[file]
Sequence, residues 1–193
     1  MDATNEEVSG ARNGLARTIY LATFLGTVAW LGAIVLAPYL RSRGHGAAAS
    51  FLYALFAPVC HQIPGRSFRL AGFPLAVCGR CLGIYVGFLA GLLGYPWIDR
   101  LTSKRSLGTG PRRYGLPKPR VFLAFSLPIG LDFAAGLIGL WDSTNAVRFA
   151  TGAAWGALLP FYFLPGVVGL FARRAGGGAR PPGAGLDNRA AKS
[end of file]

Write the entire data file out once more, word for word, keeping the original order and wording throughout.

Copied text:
Sequence, residues 1–193
     1  MDATNEEVSG ARNGLARTIY LATFLGTVAW LGAIVLAPYL RSRGHGAAAS
    51  FLYALFAPVC HQIPGRSFRL AGFPLAVCGR CLGIYVGFLA GLLGYPWIDR
   101  LTSKRSLGTG PRRYGLPKPR VFLAFSLPIG LDFAAGLIGL WDSTNAVRFA
   151  TGAAWGALLP FYFLPGVVGL FARRAGGGAR PPGAGLDNRA AKS